Ignalina (Ignalino) | Utena

/ Prane B., born in 1932: “Several Jewish families lived in our neighborhood. The Dubinskaya family, who lived in the other part of our house, consisted of elderly couple and a young couple who had a nine-month-old daughter.” ©Jordi Lagoutte/Yahad - In Unum Stasys R., born in 1930: “The Jews of Ignalina were rounded up in the ghetto, surrounded by the barbed wire fence. When I went to see the ghetto, there were many Jewish inmates inside.” ©Jordi Lagoutte/Yahad - In Unum Vanda G., born in 1936: “In 1941, I saw the column of Jews being taken away from Ignalina. Afterwards, an auction of Jewish property was organized.” ©Jordi Lagoutte/Yahad - In Unum The Yahad team during work. ©Jordi Lagoutte/Yahad - In Unum The former location of the synagogue (N°1)  in Ignalina, which no longer exists. Today, an apartment block has been built on this site. ©Jordi Lagoutte/Yahad - In Unum The former location of the ghetto in Ignalina, situated on the Gavenu Street, today Ateities Street. ©Jordi Lagoutte/Yahad - In Unum The building where German soldiers stationed while staying in Ignalina. ©Jordi Lagoutte/Yahad - In Unum The execution site of 10 Jews, murdered in July 1941 by “Hitler’s henchmen and their local helpers”. The site is located in the forest between Mekšrinis & Peledinis Lakes. ©Jordi Lagoutte/Yahad - In Unum The execution site of 35 Jews, communists & activists d’Ignalina, murdered in July 1941 by “Hitler’s henchmen and their local helpers”, white armbanders. The site is located near the Ilgis Lake. ©Jordi Lagoutte/Yahad - In Unum The former Ignalina synagogue (N°2), where Jewish property were stored after the liquidation of the ghetto. The original building has been partially reconstructed.  Today, it is used as a store. ©Jordi Lagoutte/Yahad - In Unum The house of Esterka, where the auction of Jewish property was organized after the ghetto liquidation. ©Jordi Lagoutte/Yahad - In Unum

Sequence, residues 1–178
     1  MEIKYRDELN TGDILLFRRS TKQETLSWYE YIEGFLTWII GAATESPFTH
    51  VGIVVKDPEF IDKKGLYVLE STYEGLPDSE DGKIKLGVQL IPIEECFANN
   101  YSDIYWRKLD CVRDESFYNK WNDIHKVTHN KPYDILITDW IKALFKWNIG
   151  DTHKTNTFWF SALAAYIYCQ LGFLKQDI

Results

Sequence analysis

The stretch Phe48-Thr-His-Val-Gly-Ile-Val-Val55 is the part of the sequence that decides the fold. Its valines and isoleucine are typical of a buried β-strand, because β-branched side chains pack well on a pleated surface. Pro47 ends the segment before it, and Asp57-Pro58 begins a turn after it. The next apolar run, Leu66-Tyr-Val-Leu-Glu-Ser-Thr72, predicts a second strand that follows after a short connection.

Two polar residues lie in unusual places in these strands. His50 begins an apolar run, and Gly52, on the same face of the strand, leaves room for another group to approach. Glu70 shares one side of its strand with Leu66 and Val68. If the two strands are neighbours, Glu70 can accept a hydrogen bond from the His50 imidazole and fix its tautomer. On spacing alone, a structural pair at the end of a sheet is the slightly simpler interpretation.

Execution of Jews and non-Jews in Ignalina

2 Execution site(s)

Kind of place before:
Forest (1, 2)
Period of occupation:
Number of victims:
Several dozen

Witness interview

Prane B., born in 1932:
"Yahad.: What happened to the Jewish synagogue during the war?
Witness: The Jews were gathered in a ghetto during the war. The ghetto was set up in Ateities street next to the school. The entire street was fenced with a barbed wire, so that they couldn’t leave. They were all gathered there. The younger Jews with more energy managed to escape. Before that, when the Jews lived in our street, they had cows and other cattle. So, our Jewish neighbor later came to my mother and asked her to take the cow from the fields. My mother said she was afraid to do it. The neighbor told her not to be scared and to milk the cow. The Jews would later come by to get some milk. So, they would jump over the barbed wire ghetto fence or perhaps cut through it a little and run over to pick up some milk for their children and for themselves as well. I don’t remember how much time they spent in the ghetto, but they were definitely gathered there. Sometimes they would stop by to ask if we had heard any news. They would ask my father whose brother lived in Linkmenys if he had heard of any shootings. They would say, "We have heard that the Jews were shot". We would say that we hadn’t heard of this, even though we had but how could you tell them such things? " (Testimony N°YIU402LT, interviewed in Ignalina, on October 31, 2022)

Soviet archives

"Question: Where were the Soviet activists shot in Ignalina in 1941, and what partisans did that?
Answer: I don‘t remember the exact date, but about a week and a half after the beginning of the war [list of names] and the common white partisans [list of names] and the others who held a meeting decided to shoot Soviet activists and Jewish population confined in the cellar of the building of the former Soviet police. On the night of July 3rd, 1941, they took the detainees out of the cellar by the list. Adolf P. read the names from the list. They took several groups, 25-30 people in total, to the forest behind the house of Aronas, about one kilometer outside Ignalina, and shot them there. Another group of Soviet activists was escorted down the road towards Daugėliškis village. Stepan Kovalchuk, Anton Samokelis, Katz and his son, Grigoryi Savitskyi were in that group, but the latter crawled out of the pit and survived, while the others were shot.